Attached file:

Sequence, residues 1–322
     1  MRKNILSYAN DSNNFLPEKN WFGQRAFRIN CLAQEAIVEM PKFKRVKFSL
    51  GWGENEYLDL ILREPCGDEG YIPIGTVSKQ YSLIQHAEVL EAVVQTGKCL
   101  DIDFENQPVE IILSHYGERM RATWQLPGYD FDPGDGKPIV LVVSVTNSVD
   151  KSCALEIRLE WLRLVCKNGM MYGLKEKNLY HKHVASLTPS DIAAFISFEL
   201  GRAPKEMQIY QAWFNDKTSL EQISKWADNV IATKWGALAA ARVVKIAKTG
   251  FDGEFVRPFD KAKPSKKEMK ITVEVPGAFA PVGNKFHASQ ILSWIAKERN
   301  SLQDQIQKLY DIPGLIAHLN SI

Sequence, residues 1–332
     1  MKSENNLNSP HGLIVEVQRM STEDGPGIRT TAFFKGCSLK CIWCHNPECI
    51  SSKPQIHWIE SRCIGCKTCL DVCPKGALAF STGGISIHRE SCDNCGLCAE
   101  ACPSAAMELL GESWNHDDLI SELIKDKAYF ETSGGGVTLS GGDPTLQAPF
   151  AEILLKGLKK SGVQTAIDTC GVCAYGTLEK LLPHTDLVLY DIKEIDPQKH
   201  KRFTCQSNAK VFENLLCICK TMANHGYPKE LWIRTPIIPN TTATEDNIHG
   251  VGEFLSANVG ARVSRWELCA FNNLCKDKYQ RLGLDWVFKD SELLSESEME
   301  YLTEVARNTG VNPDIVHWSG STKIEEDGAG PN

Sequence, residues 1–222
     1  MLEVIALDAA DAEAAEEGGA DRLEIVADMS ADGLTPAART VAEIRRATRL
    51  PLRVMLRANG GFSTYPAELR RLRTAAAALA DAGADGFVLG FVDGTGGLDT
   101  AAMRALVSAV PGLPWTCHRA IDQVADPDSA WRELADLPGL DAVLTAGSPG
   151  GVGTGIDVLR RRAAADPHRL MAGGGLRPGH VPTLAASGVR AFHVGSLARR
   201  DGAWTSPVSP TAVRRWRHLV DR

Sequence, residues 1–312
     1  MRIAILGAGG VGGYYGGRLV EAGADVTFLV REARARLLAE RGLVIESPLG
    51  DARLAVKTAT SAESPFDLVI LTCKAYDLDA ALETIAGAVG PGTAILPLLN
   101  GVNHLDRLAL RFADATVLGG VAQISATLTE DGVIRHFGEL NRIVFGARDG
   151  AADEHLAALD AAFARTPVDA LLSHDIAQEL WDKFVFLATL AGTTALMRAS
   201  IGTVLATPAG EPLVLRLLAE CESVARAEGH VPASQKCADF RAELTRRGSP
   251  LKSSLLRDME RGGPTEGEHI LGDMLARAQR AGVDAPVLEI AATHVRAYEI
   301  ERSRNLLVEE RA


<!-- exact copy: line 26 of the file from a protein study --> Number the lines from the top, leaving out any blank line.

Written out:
   101  GVNHLDRLAL RFADATVLGG VAQISATLTE DGVIRHFGEL NRIVFGARDG